Eastern red-cedar is native to eastern North America. These cold-hardy, adaptable evergreen trees serve many purposes in the landscape, especially in sites that are dry, alkaline or windy. The foliage of scale-like needles is attractive but prickly. In late summer and fall, many junipers have blue-green berrylike fruits, actually modified cones, that attract birds. Because they are quite salt-tolerant, they can be used near roads, driveways, and sidewalks. Eastern red cedar is usually a tree, but there are shrub-sized cultivars available.
- Chicago area
- North America
- Residential and parks
- City parkway
- Wide median
- Large tree (more than 40 feet)
- Medium tree (25-40 feet)
- Small tree (15-25 feet)
- Medium shrub (5-8 feet)
- Small shrub (3-5 feet)
- Full sun (6 hrs direct light daily)
- Zone 3
- Zone 4
- Zone 5
- Zone 6
- Zone 7
- Zone 8
- Zone 9
- Dry soil
- Sandy soil
- Evergreen (foliage year-round)
- Showy fruit
- Attractive bark
- Late spring
- Game birds
- Game mammals
- Small mammals
The species can grow 40 to 50 feet high and 8 to 20 feet wide, but there are a number of cultivars that are smaller.
Tree & Plant Care
Best in full sun with well-drained soil.
Adaptable to high pH (alkaline) soils.
Tolerant of dry, windy conditions once established.
Prune in early spring.
Disease, pests, and problems
Cedar rusts (cedar-apple, cedar-hawthorn and cedar-quince) and bagworm are common.
Native geographic location and habitat
East and central North America; often found in sunny, limestone outcropping, along fencerows and roadsides.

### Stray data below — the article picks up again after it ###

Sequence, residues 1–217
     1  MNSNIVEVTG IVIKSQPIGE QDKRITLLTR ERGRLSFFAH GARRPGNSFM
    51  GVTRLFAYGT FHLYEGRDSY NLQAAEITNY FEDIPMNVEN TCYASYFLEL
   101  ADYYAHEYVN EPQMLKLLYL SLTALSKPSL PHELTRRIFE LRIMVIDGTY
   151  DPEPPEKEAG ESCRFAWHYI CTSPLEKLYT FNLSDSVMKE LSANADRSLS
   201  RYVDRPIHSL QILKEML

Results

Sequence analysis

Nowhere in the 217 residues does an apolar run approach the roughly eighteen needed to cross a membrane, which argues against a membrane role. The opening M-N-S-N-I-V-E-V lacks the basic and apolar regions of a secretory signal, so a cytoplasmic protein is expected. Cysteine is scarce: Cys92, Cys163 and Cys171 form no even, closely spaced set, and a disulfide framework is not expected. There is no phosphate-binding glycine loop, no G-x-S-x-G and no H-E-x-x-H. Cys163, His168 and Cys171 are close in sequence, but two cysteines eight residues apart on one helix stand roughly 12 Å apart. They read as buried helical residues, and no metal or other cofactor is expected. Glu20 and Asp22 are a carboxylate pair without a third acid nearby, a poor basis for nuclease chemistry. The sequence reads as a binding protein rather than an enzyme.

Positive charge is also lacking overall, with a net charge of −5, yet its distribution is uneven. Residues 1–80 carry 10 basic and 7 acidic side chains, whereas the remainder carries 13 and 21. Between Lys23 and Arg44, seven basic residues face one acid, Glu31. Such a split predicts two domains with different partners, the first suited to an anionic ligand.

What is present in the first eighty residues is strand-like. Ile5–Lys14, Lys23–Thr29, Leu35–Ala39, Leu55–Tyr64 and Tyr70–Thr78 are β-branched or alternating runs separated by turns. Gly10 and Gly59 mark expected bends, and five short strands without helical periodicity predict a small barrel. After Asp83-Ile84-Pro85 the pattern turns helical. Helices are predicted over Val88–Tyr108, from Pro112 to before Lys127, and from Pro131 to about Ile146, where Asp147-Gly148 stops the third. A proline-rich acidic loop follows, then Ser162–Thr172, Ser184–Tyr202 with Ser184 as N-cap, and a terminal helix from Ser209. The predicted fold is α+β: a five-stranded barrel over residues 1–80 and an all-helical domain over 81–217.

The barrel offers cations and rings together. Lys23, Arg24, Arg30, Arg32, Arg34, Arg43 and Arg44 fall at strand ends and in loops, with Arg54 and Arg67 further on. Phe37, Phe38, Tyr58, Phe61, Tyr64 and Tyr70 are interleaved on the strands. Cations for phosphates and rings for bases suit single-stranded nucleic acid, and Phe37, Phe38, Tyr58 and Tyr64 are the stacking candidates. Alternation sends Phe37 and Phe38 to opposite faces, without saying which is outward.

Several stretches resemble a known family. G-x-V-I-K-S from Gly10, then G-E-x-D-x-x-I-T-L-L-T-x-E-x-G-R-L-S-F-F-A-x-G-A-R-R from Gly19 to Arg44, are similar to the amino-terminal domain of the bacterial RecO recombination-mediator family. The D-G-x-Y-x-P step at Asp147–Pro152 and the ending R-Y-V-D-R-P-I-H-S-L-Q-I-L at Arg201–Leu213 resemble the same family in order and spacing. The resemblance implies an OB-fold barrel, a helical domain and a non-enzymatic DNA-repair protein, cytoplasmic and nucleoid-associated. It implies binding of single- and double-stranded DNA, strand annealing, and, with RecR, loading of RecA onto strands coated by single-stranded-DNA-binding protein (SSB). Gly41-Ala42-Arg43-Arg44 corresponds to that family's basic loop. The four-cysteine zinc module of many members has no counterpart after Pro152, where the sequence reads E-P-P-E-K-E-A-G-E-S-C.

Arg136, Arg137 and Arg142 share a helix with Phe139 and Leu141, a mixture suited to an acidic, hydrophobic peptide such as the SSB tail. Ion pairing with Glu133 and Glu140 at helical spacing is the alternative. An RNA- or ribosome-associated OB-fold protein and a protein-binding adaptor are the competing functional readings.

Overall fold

Attracts birds & butterflies
The blue-gray fruits attract many bird species.
Bark color and texture
Trees often develop exfoliating reddish brown bark.
Leaf or needle arrangement, size, shape, and texture
Prickly, silvery-blue foliage (needle-like and/or scale-like).
Winter needles often turn a bronzy-green. Some cultivars keep their color all winter.
Fruit, cone, nut, and seed descriptions
Male plants produce small, inconspicuous cones resembling catkins that produce pollen.
Female plants produce berry-like cones that, if pollinated, ripen to a bloomy blue-gray color. Fruit often persist throughout winter.
A favorite for many birds and wildlife.
Cultivars and their differences
Blue Eastern red cedar (Juniperus virginiana 'Glauca'): Narrow, upright, columnar evergreen tree, 20 to 25 feet high and 8 to 10 feet wide. Silver-blue spring foliage turns blue-green in summer. Use as a specimen, in groups, or as an informal hedge.
Blue Mountain (Juniperus virginiana 'Blue Mountain'): Spreading evergreen shrub, 3 to 4 feet high and 5 to 8 feet wide. Blue-green foliage is softer and more needlelike than that of most junipers. Plants of this female cultivar produce berry-shaped cones that, if pollinated, ripen to a bluish color. Use as a foundation plant, in shrub borders, or on slopes.
Canaert (Juniperus virginiana 'Canaertii'): Pyramidal tree, 20 to 35 feet high and 15 to 20 feet wide. Dark green foliage tufted at ends of branches; open crown, attractive bluish-white clusters of fruit; reddish-brown bark exfoliating into long strips. Use as a specimen, in groups, or for informal screening.
Grey Owl (Juniperus virginiana 'Grey Owl'): A low growing, spreading shrub reaching 3 to 4 feet high and 6 to 8 feet wide. Silver-grey foliage attractive all year. A female form that develops attractive blue berries.